Channeling the spirit of a European wine bar, this funky little spot in Ohio City makes a tasty backdrop for a small but tempting menu of thin-crusted pizzas, house-cured meats, handmade pastas, and some of the best twice-fried, Belgian-style fries you'll ever find on a Cleveland tabletop. To go with, the annotated wine list offers 100 selections, while next door's Bier Markt provides dozens of imported brews.
Brothers has grown away from its funky blues-club vibe of days past. Now it features three rooms: a restaurant/tavern, a wine bar that specializes in acoustic sounds, and the roomy Music Hall, which hosts rock, blues, jazz, and reggae acts.
House of Blues is the place to see megawatt artists on their way up (or down) the charts. The Music Hall holds more than 1,000, while the more intimate Cambridge Room hosts local bands and national acts still cultivating their following.
There are pizzas. And then there are Angelos pizzas: plump, fragrant works of art, from the thick provolone topping all the way down to the rich, yeasty crust. The chicken club is good, the veggie is great and the creamy, cheesy seafood pizza, topped with lobster cream, shrimp, crabmeat and fresh spinach, is the stuff of which our dreams are made. Salads, sandwiches, wings, a few pasta platters and a worthwhile beer list round out the menu at this good-looking spot.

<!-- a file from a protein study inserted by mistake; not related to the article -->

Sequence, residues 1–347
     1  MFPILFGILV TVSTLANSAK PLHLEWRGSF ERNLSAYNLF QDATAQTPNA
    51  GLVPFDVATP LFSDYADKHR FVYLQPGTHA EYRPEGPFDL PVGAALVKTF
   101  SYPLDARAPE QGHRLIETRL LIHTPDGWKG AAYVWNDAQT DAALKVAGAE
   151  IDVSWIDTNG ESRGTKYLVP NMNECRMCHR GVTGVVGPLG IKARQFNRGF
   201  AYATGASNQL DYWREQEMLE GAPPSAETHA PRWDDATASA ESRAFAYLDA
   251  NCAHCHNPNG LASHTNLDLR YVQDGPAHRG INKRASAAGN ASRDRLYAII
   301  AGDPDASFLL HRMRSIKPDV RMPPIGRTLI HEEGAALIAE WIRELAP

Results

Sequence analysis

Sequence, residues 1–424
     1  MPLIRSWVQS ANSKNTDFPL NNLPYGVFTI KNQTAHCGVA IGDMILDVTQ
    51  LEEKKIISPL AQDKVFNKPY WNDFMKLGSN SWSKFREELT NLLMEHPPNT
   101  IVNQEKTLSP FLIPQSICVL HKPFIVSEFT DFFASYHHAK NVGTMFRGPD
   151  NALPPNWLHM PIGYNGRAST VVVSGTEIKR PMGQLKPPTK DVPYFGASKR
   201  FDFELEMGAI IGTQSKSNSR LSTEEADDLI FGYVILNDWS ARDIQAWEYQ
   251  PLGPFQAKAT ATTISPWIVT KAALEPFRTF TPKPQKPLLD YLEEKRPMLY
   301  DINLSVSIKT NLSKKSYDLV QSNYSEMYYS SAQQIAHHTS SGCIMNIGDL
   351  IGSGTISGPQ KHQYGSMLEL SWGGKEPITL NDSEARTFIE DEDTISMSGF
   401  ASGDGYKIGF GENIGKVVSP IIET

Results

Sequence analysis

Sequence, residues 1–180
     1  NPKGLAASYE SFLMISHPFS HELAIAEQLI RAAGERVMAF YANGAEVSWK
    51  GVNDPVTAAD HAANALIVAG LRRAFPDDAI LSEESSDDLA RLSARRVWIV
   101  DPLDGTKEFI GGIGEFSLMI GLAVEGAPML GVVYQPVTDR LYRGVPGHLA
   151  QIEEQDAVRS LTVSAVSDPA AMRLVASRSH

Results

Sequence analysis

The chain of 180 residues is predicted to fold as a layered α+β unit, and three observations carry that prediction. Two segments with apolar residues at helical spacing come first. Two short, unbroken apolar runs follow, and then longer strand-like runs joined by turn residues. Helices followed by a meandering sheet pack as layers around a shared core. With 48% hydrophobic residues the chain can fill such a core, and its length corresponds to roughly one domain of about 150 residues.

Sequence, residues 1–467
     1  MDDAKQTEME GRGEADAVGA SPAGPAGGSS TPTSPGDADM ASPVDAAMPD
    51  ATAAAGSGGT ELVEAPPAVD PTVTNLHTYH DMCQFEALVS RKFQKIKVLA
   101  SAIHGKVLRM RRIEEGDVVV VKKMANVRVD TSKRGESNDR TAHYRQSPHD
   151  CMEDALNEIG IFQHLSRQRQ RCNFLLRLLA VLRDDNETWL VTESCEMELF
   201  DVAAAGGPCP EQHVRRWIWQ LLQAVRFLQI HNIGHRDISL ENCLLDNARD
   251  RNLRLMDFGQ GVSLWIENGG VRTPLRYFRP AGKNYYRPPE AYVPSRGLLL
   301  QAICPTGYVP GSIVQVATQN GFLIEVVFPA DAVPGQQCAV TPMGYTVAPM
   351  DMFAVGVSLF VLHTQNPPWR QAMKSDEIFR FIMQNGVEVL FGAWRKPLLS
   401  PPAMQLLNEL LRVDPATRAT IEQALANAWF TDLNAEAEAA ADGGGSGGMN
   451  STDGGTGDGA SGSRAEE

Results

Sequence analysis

The prototype for what owners hope will become a national chain, this cheerful quick-serve burger joint offers dribble-down-your-chin double-cheeseburgers, freshly cut fries and a small assortment of sandwiches and freshly made soups.
Along with wonderful aromas, the well-appointed dining room is filled with plants, artwork, and soothing shades of teal and plum. The well-organized menu emphasizes the richer, less fiery northern Indian cuisine, although a few southern Indian dishes are served during Saturday lunch and Sunday dinner.